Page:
Pif Robert Oster Turquoise Review

    Only my second experience with a RO ink! This is a moderately thick, saturated turquoise that exhibits good shading, decent flow, but slightly problematic dry time for southpaws. I like it anyway. It also makes a good drawing ink, especially in an italic nib. Thanks once again to amberleadavis for the PIF! http://extras.ourpatioparty.com/files/5715/9019/0851/RO_Turquoise_001-640p.jpg The chroma twins show some separation into greens and blues. Which makes sense...it's turquoise! http://extras.ourpatioparty.com/files/3115/9019/0851/RO_Turquoise_Chroma_001-640p.jpg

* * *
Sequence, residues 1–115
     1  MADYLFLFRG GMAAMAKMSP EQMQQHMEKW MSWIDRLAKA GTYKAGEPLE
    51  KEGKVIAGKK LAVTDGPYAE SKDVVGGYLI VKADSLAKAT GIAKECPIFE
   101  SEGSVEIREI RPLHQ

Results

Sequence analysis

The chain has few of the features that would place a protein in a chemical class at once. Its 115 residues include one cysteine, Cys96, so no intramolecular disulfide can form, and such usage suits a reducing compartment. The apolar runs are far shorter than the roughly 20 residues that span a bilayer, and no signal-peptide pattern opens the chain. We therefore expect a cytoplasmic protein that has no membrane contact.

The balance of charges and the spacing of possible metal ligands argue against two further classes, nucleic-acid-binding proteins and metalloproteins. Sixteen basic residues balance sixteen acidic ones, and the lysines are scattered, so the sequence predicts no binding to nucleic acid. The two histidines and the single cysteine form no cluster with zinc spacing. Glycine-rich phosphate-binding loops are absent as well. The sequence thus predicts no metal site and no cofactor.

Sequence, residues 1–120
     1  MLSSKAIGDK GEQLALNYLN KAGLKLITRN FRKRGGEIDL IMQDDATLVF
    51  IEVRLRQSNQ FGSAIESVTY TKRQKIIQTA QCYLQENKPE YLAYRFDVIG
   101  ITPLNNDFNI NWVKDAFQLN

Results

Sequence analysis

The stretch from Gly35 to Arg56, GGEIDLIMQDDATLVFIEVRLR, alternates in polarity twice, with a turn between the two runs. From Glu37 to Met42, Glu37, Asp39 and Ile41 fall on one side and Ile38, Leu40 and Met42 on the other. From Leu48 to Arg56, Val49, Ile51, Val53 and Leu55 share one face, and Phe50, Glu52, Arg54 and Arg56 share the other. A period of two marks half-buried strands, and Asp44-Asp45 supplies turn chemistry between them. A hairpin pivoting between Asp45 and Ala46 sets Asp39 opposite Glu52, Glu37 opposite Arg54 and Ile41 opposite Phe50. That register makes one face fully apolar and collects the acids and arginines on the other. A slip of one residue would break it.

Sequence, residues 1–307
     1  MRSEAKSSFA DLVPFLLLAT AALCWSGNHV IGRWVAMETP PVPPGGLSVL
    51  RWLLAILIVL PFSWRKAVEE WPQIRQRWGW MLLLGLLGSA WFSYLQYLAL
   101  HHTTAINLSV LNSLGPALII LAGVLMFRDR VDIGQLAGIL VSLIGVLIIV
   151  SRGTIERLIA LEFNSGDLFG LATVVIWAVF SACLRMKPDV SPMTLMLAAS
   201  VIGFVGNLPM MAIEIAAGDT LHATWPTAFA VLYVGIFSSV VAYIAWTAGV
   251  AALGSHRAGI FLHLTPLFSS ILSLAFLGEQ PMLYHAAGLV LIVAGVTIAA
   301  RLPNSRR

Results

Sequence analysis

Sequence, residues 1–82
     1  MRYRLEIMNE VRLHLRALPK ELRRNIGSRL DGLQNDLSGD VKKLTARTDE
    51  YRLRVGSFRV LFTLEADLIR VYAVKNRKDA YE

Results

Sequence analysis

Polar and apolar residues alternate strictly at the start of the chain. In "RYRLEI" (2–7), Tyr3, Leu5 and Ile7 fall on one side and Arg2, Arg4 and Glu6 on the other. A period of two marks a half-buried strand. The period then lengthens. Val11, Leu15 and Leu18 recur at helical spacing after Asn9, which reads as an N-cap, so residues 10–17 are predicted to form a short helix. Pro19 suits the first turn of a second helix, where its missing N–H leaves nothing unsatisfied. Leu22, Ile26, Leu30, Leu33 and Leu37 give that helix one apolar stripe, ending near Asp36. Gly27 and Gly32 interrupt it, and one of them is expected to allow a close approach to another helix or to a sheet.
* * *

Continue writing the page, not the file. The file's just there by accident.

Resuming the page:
12. I don’t know if it’s the warm and sunny weather that just hit the northeast after a cold spell, but, more than ever, I’m not ready for summer to end! So to keep the summery vibe going, I thought why not do a comparison of turquoise and “beachy blue" inks. This is by no means a comprehensive review, because I’m missing some great turquoise inks, such as Sheaffer and Lamy Turquoise, but I saw a post come up on the boards with questions about turquoises, so I wanted to share samples of the ones I have. The 15 inks tested are: Caran d’Ache Turquoise, Omas Turquoise, Rohrer & Klingner Blu Mare, J. Herbin Bleu Pervenche, Pilot Iroshizuku Ama-Iro, Waterman Inspired Blue, Pelikan Turquoise, Montblanc Honore de Balzac Dandy Turquoise, Diamine Aqua Blue, Visconti Turquoise, Pelikan Edelstein Topaz, Pilot Iroshizuku Kon-Peki, Diamine Asa Blue, Diamine Florida Blue and Diamine Mediterranean Blue. The writing samples were done using a 1950s 146 and a Pilot Custom 74 B nib ground down to a smooth stub by Mike Masuyama. All samples were tested on Rhodia paper. Ink Swabs: Ink on Paper Towel: Top Row: Caran d’Ache Turquoise, Omas Turquoise, Rohrer & Klingner Blu Mare, J. Herbin Bleu Pervenche, Pilot Iroshizuku Ama-Iro, Waterman Inspired Blue, Pelikan Turquoise Bottom Row: Montblanc Honore de Balzac Dandy Turquoise, Diamine Aqua Blue, Visconti Turquoise, Pelikan Edelstein Topaz, Pilot Iroshizuku Kon-Peki, Diamine Asa Blue, Diamine Florida Blue and Diamine Mediterranean Blue Best Flow and Smoothness: J. Herbin Bleu Pervenche Bleu Pervenche wins hands down for me in this category and is miles ahead of every other ink in this review. With that said, although it has an excellent flow, l wish Bleu Pervenche felt a little smoother (to match the smoothness of my favorite inks). However, this is the only turquoise with a regular spot in my ink rotation. Best Turquoise Color: Rohrer & Klingner Blu Mare This is by far my favorite shade of turquoise. It offers a nice mix of blue and green that leans more towards the blue side (which I prefer). In a wet nib, it is the most vibrant of the turquoise inks tested - so vibrant in fact that it makes me want to pull out a pair of sunglasses . The ink has a good flow (though not as high as Bleu Pervenche) but is missing the high level of smoothness I look for in a go-to ink. However, I love the color so much that I did get a bottle. Best Beachy Blue Color: Pilot Iroshizuku Ama-Iro and Diamine Florida Blue (Tie) I love the color of both of these inks, but I do not own bottles of either. I consider Ama-Iro to a "beachy blue" rather than a turquoise because it needs a little more green to be a true turquoise. I really love its bright, light blue color, which screams summer fun, but didn't enjoy the feeling of writing with the ink enough in the flexy 146 to buy a full bottle especially given its higher price point. I should note that I may have been especially tough on Ama-Iro because I was expecting a higher level of smoothness from an Iroshizuku ink. Florida Blue and Mediterranean Blue are close enough in color that someone looking to keep their ink spending to a minimum wouldn't need to own both. Florida Blue has a better flow, and, since I like wetter inks, I wouldn't think twice about using it over Mediterranean Blue. (Mediterranean blue is not a dry ink but someone looking for less wetness might prefer it; it is also a little lighter and exhibits slightly more shading than its Floridian counterpart.) Highest Sheening Ink (on Rhodia): Pilot Iroshizuku Kon-Peki Kon-Peki is not a monster sheener on Rhodia (like some of the Sailor inks I’ve recently tried) but still offers a subtle and beautiful pink shimmering halo around its blue letters. Some posts have asked how it compares to Edelstein Topaz and, as others have noted, both inks are similar in that they are cerulean blues with pink sheen. (I've noticed that Topaz sheens tremendously on Tomoe River Paper, but in this comparison it barely showed any sheen around the letters.) If I had to choose only one of the two inks, it would be Kon-Peki. The color is brighter and the ink has a better flow. Lowest Performer: Caran d’Ache Turquoise I really did not like this ink and was expecting more from a $30+ ink. It was so thin that it took the fun out of writing with my favorite pen (and I almost stopped the review to change writers). Other notable mentions: Light Turquoise: Visconti and Omas Turquoise (tie) Both inks are on the lighter end of the turquoise spectrum and could be a good option for someone looking for such a shade. I prefer the flow of the Omas but like the color of the Visconti better. (I would have liked for the Visconti to perform more like its brother ink, Visconti Blue, which offers a smoother writing experience.) Dark Beachy Blue: Diamine Asa Blue Asa Blue is a beautiful and interesting color in that it is paradoxically both dark and beachy. It has a good flow but an ok smoothness. Montblanc Dandy Turquoise Alternative: Pelikan Turquoise I love this shade of turquoise and have found that with the right pen and paper combination it can offer wonderful color variation. (I've noticed much more color variation using a Visconti HS.) For anyone who was not able to get a bottle during its limited run, I think that Pelikan Turquoise is a pretty close alternative.